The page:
Brian Kelly’s Top-Recruited Offenses At Notre Dame: No. 2
For the first time since 2013, Notre Dame recruited a full offense (and then some) that featured 14 players to represent each position.
Since the turn into the 21st century, this is only the third time Notre Dame recruited an entire offense (and then some) in one cycle, with 2013 and 2006 the other two.
That 2013 class was ranked No. 3 in the country, easily the highest in the 12 recruiting campaigns under head coach Brian Kelly, and second only to the No. 2 ranking in 2008, under head coach Charlie Weis, since the turn of the century.
That 2013 haul received the bronze medal, or No. 3 in our countdown of Kelly’s best overall classes recruited on offense so far.
At No. 2 is the 2016 group .
Silver Medal: The 2016 Class
Quarterback: Ian Book
Because he wasn’t Trevor Lawrence, Joe Burrow or even Mac Jones or Justin Fields — all first-round signal-callers, if not No. 1 overall picks the past three years — who could transcend and elevate Notre Dame to Tier 1-level, Book often is a popular target of why the Fighting Irish remain “only” a top-10 level program.
But make no mistake, Book's leadership, moxie, durability and mobility were highly valuable while winning the most starts (30) ever by a Notre Dame quarterback, not including rallying the troops off the bench in a 21-17 win over LSU in the 2018 Citrus Bowl that helped set the table for a 33-5 run the past three years.
His 8,948 yards passing with 72 touchdown tosses are second all-time at Notre Dame to Brady Quinn, and his 1,517 yards rushing trail only Tony Rice among quarterback who suited up for the Irish. With 10,465 total yards, Book provided nearly a 10K (5.94 miles) in offense while helping direct two playoff berths. That will be difficult to match by any future quarterback.
Running Backs: Tony Jones Jr. and Deon McIntosh
This Florida three-star duo didn’t move the recruiting needle when they signed and were perceived more as complementary figures than impact performers. Jones eventually achieved a little more than anticipated.
Both redshirted as freshmen, and McIntosh broke in earlier with 368 yards, 5.7 yards per carry and five touchdowns in 2017 before transferring to Washington State, where he rushed for 323 yards this past season as a fifth-year senior.
Jones quietly became impactful during the playoff run in 2018, accounting for 174 yards in a hard-fought 22-17 win over Vanderbilt and catching the game-clinching 51-yard TD to beat USC, 24-17. As a senior in 2019 he rushed for a team high 857 yards to finish his career with 1,481 at 5.5 yards per carry.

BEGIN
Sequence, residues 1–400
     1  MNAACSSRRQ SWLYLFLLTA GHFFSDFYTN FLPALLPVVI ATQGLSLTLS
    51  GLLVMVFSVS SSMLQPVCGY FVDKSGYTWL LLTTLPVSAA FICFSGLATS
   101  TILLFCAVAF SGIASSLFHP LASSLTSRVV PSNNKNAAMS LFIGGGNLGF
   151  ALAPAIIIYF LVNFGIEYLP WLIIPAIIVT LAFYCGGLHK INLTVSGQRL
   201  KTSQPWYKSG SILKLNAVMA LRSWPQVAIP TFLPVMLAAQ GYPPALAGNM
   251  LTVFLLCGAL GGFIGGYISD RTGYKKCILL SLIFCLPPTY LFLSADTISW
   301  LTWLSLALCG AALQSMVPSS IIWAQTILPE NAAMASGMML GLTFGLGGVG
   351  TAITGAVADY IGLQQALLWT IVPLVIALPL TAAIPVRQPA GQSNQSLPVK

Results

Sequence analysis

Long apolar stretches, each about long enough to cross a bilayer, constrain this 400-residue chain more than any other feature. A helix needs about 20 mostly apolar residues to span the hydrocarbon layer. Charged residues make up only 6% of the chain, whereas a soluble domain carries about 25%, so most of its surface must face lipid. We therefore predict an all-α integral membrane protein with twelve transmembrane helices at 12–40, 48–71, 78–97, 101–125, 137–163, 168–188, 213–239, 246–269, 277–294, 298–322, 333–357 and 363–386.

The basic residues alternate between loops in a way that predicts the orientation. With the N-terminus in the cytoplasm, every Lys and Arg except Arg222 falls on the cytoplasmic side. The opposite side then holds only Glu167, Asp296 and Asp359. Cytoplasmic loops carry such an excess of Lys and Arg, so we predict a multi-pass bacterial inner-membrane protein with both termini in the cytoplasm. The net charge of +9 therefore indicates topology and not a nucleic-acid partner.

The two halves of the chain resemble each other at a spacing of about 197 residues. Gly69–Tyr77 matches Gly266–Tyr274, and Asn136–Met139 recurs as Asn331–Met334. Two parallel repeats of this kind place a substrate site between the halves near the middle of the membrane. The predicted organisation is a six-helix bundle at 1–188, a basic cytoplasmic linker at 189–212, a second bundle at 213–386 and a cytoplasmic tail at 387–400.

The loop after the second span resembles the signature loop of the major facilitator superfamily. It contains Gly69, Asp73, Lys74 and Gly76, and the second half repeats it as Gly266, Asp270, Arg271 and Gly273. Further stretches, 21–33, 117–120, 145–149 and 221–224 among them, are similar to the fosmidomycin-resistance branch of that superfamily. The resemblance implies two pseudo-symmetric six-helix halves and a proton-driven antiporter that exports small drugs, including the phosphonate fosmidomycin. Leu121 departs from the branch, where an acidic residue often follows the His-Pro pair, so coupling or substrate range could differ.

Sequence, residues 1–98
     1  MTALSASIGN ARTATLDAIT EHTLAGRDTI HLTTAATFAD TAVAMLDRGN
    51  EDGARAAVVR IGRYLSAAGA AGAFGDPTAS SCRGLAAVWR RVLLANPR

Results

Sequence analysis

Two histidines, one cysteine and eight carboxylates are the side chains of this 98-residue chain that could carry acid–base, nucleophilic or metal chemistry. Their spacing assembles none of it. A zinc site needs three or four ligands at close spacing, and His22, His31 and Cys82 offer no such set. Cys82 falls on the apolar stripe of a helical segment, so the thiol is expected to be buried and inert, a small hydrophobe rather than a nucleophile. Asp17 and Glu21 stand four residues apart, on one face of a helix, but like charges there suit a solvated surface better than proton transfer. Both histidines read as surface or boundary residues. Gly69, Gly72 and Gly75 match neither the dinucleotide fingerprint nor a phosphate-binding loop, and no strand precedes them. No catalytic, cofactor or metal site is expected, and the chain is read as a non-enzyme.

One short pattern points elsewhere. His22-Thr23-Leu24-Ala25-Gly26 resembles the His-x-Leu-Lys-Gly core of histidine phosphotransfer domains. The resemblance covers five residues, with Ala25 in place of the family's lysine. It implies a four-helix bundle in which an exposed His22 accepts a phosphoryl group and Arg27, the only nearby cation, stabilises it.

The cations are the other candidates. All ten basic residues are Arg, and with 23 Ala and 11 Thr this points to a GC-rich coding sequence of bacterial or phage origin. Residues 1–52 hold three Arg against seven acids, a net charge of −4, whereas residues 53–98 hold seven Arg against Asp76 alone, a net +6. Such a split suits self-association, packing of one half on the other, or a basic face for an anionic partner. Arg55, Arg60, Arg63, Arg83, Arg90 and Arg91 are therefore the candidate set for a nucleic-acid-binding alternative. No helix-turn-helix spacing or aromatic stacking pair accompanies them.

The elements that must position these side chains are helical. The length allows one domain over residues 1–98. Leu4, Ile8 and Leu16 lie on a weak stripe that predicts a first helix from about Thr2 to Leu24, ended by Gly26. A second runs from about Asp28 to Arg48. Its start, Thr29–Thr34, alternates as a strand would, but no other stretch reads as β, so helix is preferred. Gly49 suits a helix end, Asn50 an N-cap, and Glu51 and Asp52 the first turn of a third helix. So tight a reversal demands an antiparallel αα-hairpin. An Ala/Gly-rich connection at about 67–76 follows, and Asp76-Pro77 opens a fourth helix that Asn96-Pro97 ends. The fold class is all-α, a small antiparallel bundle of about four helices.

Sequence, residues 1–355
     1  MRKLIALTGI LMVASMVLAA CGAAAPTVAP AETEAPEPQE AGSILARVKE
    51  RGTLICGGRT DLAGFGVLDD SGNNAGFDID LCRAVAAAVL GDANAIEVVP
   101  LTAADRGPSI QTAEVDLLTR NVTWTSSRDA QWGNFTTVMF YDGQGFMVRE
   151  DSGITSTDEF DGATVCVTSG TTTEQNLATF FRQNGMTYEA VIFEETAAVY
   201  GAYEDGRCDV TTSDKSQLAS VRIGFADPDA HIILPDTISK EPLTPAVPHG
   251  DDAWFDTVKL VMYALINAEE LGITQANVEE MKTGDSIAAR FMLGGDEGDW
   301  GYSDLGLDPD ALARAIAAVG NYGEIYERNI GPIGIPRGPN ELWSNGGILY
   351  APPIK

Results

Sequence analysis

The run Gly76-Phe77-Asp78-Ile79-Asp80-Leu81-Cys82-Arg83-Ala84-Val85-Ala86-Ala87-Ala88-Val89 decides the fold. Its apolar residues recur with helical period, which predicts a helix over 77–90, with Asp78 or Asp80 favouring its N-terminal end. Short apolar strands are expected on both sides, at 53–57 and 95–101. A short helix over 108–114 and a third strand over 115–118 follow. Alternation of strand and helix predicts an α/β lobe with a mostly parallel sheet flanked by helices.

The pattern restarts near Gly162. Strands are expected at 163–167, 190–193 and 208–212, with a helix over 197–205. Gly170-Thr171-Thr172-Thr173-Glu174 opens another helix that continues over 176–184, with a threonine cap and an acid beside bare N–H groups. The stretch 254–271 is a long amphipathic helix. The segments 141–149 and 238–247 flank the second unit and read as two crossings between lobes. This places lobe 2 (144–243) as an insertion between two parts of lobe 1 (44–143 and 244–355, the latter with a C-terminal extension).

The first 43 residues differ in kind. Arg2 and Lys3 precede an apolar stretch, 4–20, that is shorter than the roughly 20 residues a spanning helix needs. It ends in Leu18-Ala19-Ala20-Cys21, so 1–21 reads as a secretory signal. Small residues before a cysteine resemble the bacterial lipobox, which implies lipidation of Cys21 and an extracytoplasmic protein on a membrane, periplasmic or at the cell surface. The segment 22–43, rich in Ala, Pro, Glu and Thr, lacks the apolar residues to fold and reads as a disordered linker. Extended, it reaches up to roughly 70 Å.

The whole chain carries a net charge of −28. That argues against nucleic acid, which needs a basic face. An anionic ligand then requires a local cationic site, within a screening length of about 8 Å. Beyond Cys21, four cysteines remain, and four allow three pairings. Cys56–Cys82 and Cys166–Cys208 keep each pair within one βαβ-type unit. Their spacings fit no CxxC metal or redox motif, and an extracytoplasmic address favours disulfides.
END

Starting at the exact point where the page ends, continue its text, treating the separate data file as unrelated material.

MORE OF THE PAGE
Receivers: Chase Claypool, Javon McKinley and Kevin Stepherson
Four-star recruits McKinley and Claypool ranked No. 59 and 109, respectively, as national prospects coming into Notre Dame, but combined for five catches as freshmen (all by Claypool).
It was three-star Stepherson who made the instant impact with the best season under head coach Brian Kelly by a freshman wideout, nabbing 25 passes for 462 yards and five scores. After serving an early suspension to start the 2017 season, he became impactful again with five more touchdowns and a career average of 18.7 yards on his 44 catches before getting dismissed by the university and transferring to Jacksonville State.
Claypool demonstrated improvement each season and developed into a second-round pick by finishing his senior year with 66 catches for 1,037 yards and 13 scores. He then had the greatest NFL rookie season ever by a Notre Dame wideout with 62 catches for 873 yards and nine scores, plus two more rushing TDs. The previous Notre Dame rookie record for touchdowns scored was seven by Jerome “The Bus” Bettis in 1993.
McKinley was the ultimate late bloomer, virtually a non-factor his first four seasons with numerous setbacks before tying for the team lead in receptions this past year with 42 and showcasing excellent blocking skills along the perimeter.
Tight End: None
It’s not often that Tight End U. doesn’t sign someone at the position, and more often than not of late it has even signed two per season.
However, because two of the earliest commitments already were in place for the next class — top-100 prospects Brock Wright and Cole Kmet — and a top-100 figure was signed the previous year with Alize Mack, there was no acute need.
Offensive Line: Liam Eichenberg and Tommy Kraemer
Similar to last year when the Irish signed only two offensive linemen (Tosh Baker and Michael Carmody), this harvest was small but proved fruitful.
Kraemer actually made the earlier impact as a sophomore in 2017 when he co-started with freshman Robert Hainsey at right tackle on a unit that won the Joe Moore Award as the nation’s best offensive line. Kraemer slid inside to right guard the next season and, despite a few injuries and setbacks along the way, is a bona fide NFL prospect.
Meanwhile, Eichenberg started all 38 games at left tackle from 2018-20, earned consensus All-America notice in 2020, was one of three finalists for the Outland Trophy, and won the ACC’s Jacobs Blocking Trophy. He conceivably could become the fourth consecutive Notre Dame left tackle since 2014 drafted in the first round.
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